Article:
My latest Library Haul took place just before the recent holiday weekend and I was happy to have one of my holds just come in. The Mothers by Brit Bennett has received so much praise since it was released around this same time last year, making me very eager to get acquainted with it.
The leading lady of this debut novel is Nadia Turner, a seventeen year old girl mourning the tragic passing of her mother. She takes comfort in the arms of Luke, son of the local pastor and former football player who now works at a diner due to an injury that dashed his pro athlete dreams.
That relationship leads to an unexpected pregnancy and abortion, both of which Nadia keeps secret over the years. That secret becomes hard to hold on to when Luke becomes involved with Aubrey, a childhood friend of Nadia's whose devout faith would be shattered by such a revelation. From what I've heard, this is a beautifully written story of love,loss and choices made or not made.
I will wait until the readathon is over to start this book but that wait is going to be tough. Then again, it did take a good amount of time for me to get it from the library in the first place and patience is a virtue that definitely pays off when it comes to books. I do hope that we will have another book from Ms. Bennett soon, as her writing sounds like the kind you want to come home to again and again:
Naturally, I couldn't take only one book out of the library(no, I really couldn't) and paired The Mothers with a most unlikely partner indeed. Stephen King's The Bazaar of Bad Dreams is his most recent short story collection,with a few poems included, and I'm a diehard fan of his brand of short story telling.
Some of the stories are out right horror,such as "The Bad Little Kid", which takes bullying to a whole new level, while others like "Ur", which offers up an e-reader with books that are truly out of this world, have a touch of fantasy to them. Many of them fall into the realistic realm of when bad things happen to good people like "Under the Weather" and "Batman and Robin have an Altercation."
I did start this book already,mainly because I had finished two domestic dramas in a row and needed something completely different for a change of pace. Truth be told, I'm still reading it now and it's sort of cheating on my readathon but not really as a few of these strange tales certainly qualify for the sci-fi/fantasy requirements there.
What I do like best about this collection are the author's notes that headline each entry, giving them that personal touch that means so much. It's almost like having Stephen King sitting beside you to offer a little commentary, a real literary bonus indeed:
One of them,Barkskins by Annie Proulx,I did consider borrowing from the library but since it's a rather long and challenging read, it felt best to get myself a copy to keep.
The novel follows two Frenchmen,Rene and Charles, who emigrate to Canada(then called New France) in 1693 and their descendants who follow their forefathers in the lumber business. Both men are bound to a feudal lord yet one of them escapes his servitude and makes his own timber empire while the other marries a local woman not by choice.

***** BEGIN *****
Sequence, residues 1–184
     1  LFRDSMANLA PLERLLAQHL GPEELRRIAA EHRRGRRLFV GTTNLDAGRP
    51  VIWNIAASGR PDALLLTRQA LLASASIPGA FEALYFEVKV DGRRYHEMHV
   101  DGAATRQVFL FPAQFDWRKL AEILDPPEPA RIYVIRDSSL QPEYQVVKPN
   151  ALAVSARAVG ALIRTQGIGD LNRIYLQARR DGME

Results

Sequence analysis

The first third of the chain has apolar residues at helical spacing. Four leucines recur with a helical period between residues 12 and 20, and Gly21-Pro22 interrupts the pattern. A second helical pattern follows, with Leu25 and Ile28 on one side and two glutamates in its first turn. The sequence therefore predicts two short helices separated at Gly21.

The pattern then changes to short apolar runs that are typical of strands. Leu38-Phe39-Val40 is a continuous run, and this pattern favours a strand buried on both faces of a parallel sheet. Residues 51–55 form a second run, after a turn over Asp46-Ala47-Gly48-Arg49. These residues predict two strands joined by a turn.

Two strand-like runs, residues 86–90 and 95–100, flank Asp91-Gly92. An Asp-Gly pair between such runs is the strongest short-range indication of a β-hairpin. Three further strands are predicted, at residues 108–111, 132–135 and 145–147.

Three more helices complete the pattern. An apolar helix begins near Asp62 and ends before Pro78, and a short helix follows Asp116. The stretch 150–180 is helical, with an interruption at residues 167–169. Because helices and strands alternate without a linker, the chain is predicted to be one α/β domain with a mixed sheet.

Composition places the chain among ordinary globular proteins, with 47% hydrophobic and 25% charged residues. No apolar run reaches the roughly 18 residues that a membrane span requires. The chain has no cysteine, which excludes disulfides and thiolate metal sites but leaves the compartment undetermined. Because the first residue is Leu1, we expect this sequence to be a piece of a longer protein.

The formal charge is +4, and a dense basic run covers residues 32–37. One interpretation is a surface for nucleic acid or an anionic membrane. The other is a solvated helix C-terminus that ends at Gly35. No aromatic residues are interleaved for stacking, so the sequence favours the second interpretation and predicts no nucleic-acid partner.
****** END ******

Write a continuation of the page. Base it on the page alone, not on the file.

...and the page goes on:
The book covers about 300 years, with both families crisscrossing their lives at odd times as well as tracking the course of the lumber industry and the ecological consequences of persisting in that field. I haven't read a lot of Proulx's work other than Brokeback Mountain and yet, something about this book intrigues me. Perhaps it's the length of the story or the multi-generational aspect of it or just the lavish amount of praise.
Or maybe, it's that need for complete immersion that I sometimes get(particularly when watching the news these days) and that only a book can give me. Barkskins should provide that and then some:
Meanwhile, watching the miniseries The White Princess lately, as well as finishing The Taming of the Queen, has put me in the mood for some more Philippa Gregory.
Three Sisters,Three Queens highlights three of female family members connected to Henry Vlll in his early years- betrothed bride Katherine of Aragon, Margaret Tudor who becomes the Queen of Scotland and her younger sister Mary.
While Margaret and Katherine literally find themselves at war with one another, Mary upturns her elder sister's personal ambitions in a most surprising way that has dire consequences for more than one party.
Based on some of the Goodreads entries that I've read, the novel focuses mainly on Margaret, which I find interesting as I really don't know much about her. Yes, this is historical fiction but when it's as well researched and thought out as Gregory's works tend to be, I don't mind having this as a good source of knowledge to start from:
I may have to return to the library soon than expected, as another one of my holds has come in(The Wangs vs. The World by Jade Chang) and by that time, the readathon will be over. Don't get me wrong, I'm having fun with Sci-Fi Summer but it is tricky to have so many books on my plate, so to speak.
However, this is summer time reading season and an activity that allows me to stay safely indoors and out of the gruesome glare of the sun, which makes it all worth it. I don't know how folks can actually read on the beach in true comfort but, hey, to each their own: